One of the big problems is the eviction rules require the tenant to file a notice of affirmative defenses and counterclaims and pay certain filing fees in order to raise these issues.  But the court paperwork the tenant receives does not say anywhere on it that the tenant has to go through additional administrative procedures to raise these affirmative defenses and counterclaims.  So the tenant comes to court empty-handed and is entirely unprepared for what happens.

Moving on: the Arizona Residential Landlord and Tenant Act allows a tenant to recover money damages for a variety of landlord misconduct.  The tenant is allowed to be reimbursed for any money he expended if the landlord is out of compliance with his obligation to maintain.  (A.R.S. § 33-1361.)  If the landlord fails to deliver possession, the tenant may recover twice the rent.  (A.R.S. §33-1362.)  If the landlord fails to provide essential services such as air conditioning or hot water, the tenant may recover 125% of each day’s rent while he was out of possession of the apartment.  (A.R.S. § 33-1364).  If the landlord abuses his right of access, the tenant may recover a month’s rent.  (A.R.S. § 33-1376.)  If the landlord illegally ousts the tenant from his apartment, including constructive eviction such as shutting off services, the tenant can recover damages of twice the rent.  (A.R.S. § 33-1367.)  If the landlord attempts to terminate the tenancy or otherwise evict a tenant within six months of that tenant asking for repairs, the landlord’s actions are presumed retaliatory and the tenant may recover damages of twice the rent.  (A.R.S. § 33-1381.)  The list goes on and on.

All of this means that in many eviction proceedings, the tenant doesn’t just have affirmative defenses to the amount of rent owed, but he also has counterclaims for actual and statutory damages against which rent owed can be offset.  The landlord/tenant act specifically allows a tenant to make counterclaims in an eviction action.  (A.R.S. § 33-1305.)  But judges routinely sever the counterclaims and require the tenant to bring a separate action for them.  This means the tenant cannot set off against the rent he owes a counterclaim owed to him by the landlord.  I’ve seen tenants evicted for both of these reasons –that the judge would not consider an affirmative defense, and that a judge would not allow the tenant proceed on a counterclaim.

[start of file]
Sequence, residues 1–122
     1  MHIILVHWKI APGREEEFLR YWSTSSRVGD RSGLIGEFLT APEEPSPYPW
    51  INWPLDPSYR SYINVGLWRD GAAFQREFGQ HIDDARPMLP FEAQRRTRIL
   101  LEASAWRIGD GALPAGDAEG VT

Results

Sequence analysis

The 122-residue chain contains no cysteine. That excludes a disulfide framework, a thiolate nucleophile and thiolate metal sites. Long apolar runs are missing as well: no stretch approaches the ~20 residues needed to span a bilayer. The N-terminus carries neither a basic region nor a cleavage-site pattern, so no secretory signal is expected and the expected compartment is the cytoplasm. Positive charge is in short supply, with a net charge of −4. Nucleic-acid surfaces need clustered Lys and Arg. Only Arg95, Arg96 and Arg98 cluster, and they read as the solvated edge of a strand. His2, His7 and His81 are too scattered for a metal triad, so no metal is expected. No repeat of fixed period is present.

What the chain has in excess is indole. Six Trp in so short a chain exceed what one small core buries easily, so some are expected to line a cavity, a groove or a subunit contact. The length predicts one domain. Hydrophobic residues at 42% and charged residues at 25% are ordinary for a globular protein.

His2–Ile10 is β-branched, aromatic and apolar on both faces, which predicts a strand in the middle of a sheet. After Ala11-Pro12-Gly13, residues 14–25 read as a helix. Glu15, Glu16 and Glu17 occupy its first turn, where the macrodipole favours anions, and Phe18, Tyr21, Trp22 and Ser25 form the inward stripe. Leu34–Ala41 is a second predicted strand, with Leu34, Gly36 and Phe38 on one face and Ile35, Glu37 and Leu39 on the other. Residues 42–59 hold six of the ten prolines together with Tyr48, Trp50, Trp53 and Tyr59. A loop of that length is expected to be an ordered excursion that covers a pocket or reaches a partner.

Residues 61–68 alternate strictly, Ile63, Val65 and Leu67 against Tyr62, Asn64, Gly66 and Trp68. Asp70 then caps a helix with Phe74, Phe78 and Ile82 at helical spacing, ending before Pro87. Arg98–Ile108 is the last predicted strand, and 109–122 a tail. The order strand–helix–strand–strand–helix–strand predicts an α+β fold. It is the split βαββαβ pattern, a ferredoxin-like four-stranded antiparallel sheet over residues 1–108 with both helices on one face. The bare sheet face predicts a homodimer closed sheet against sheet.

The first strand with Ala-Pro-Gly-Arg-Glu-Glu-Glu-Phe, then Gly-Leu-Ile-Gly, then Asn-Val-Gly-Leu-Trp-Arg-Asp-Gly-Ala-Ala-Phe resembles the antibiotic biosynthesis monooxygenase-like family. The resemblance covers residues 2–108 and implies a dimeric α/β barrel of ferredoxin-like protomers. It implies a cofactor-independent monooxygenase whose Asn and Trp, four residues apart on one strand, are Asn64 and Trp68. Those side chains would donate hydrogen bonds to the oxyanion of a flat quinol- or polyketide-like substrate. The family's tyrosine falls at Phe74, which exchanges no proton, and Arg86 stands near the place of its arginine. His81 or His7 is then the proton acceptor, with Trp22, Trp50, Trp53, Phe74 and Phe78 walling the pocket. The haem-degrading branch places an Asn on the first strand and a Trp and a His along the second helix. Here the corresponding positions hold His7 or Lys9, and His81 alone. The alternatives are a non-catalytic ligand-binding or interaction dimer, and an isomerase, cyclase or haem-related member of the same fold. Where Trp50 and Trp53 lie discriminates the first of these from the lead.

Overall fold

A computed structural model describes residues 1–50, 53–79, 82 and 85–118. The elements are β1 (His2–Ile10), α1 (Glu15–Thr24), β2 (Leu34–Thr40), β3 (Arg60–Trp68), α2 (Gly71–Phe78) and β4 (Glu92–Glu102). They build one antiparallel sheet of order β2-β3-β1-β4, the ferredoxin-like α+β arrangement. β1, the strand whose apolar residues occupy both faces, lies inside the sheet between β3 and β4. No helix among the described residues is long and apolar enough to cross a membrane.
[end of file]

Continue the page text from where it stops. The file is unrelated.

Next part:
Finally, there is the issue of a jury trial.  The law gives an absolute right to tenants to have a jury trial.  (A.R.S. § 12-1176.)  But judges almost always deny this right to tenants who know to ask for one.

Due process is fundamental to the American system of justice.  But in Arizona, at the Justice Court level in evictions proceedings, not only is the due process afforded to tenants limited, the amount of that limitation is mind-boggling.  One of the most important things we try to do as a tenants union is to garner the political strength to force the courts to obey the law.  The scope of this problem is state-wide, and it exists in every Justice Court jurisdiction in Arizona.  It’s an uphill battle: reform may have to be made court by court, judge by judge.  But if there is enough of an outcry about the situation – similar, perhaps, to the outcry against the abuses by Sheriff Joe Arpaio and former County Attorney Andrew Thomas that led to the latter’s demise and the former’s serious legal problems – maybe we can cause some movement to take place around this issue.  This means we have to first create our own movement.  Tenants’ rights activism isn’t just about helping individual tenants with problems they’re having with their landlord; it’s also about galvanizing tenants to create a political movement to bring these horrendous practices of Justice Courts into the daylight.

And so I repeat my weary refrain: join Arizona Tenants Union!   Let’s create the culture of tenant organizing and tenants’ rights that is so desperately needed and bring about some fundamental fairness in the way people are treated here.